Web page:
Some Goalkeepers who made Fame in Liverpool
“Badly” Pinnell’s Long Legs
Who remembers dairty Davie Jardine, the idol of spectators in his day at Everton? Today his son has a large circle of admires so time is surely on the wing and indeed one can scarcely pick up a team sheet of today and fail to find a name that records heroes of an earlier period. Good football is brail in a player, and comes out in his sons given half a chance. Today a score of names of promising players could easily be picked that one their origin to players of our local teams. Jardine had a particularly attractive style of play that was taking to the eye and thoroughly effective in result. He combined the agility of a cat with the resourcefulness of a squirrel. Although of slim build, he was a bundly of particular development and could wriggle his way through a swarm of thrusting forwards and never give a chance of losing possession of the ball. No matter how many players charged at him, he seemed able to clear their assault and come through unhurt and with the ball still in safe custody. One series of hard grueling games in the Lancashire Cup ties was with Bury, then an unknown power outside the ranks of the Lancashire League, where their prowess was well understood. When Everton were drawn against Bury, these who didn’t know thought it was an easy journey for the premier club, but the drawn games and replays proved a different result, and the dour never-say-die” tactics of the “unknown” club carried them through their ties successfully, and eventually won the cup for them. In these particular ties Jardine showed to great advantage – although his style appeared to play somewhat to the gallery-still but for him the score against Everton in those matches would have been formidable so fearless and desperate was the vigour the Bury men brought into their play.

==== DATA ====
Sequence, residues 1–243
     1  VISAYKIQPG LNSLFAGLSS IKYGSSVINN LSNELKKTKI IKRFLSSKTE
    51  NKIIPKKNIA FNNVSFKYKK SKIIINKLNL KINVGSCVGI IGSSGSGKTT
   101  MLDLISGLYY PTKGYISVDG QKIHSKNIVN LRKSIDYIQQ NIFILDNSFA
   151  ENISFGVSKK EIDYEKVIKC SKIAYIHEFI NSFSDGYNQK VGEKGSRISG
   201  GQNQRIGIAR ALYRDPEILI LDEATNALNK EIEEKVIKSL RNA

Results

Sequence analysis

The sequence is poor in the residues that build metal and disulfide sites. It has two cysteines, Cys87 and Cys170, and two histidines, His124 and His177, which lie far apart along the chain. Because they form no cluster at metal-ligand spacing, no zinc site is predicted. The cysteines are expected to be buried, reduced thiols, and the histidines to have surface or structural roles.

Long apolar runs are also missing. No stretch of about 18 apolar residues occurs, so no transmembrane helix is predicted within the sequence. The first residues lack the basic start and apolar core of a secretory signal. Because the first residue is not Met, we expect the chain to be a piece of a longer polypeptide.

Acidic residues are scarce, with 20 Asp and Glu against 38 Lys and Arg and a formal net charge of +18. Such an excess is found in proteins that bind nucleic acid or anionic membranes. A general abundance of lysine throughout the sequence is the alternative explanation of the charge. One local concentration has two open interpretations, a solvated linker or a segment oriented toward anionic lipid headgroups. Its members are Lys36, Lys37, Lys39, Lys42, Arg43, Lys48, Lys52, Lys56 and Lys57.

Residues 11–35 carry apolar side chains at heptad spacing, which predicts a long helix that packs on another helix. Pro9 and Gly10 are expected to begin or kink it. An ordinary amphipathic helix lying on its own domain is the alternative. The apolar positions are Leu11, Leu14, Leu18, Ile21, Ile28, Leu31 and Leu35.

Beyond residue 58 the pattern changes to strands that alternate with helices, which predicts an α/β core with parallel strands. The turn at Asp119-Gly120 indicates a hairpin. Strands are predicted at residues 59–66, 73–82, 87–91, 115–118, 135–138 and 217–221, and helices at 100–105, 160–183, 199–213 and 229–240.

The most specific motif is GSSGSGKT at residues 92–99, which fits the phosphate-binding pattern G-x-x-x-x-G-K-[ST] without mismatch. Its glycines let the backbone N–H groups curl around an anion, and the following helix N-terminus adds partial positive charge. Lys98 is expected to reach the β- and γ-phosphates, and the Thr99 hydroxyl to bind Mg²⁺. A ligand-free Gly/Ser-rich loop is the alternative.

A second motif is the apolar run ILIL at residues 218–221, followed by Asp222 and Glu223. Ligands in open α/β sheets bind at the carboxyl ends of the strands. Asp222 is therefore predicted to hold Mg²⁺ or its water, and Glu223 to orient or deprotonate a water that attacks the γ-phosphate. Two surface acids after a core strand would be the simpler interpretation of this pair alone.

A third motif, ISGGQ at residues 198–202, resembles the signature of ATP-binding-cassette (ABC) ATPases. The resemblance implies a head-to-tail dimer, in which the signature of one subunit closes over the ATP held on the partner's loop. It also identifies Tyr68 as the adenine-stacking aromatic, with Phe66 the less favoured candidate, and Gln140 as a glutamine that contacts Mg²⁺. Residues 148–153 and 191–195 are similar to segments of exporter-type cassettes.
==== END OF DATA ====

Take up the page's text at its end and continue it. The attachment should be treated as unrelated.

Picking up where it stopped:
“Baldly” Pinnell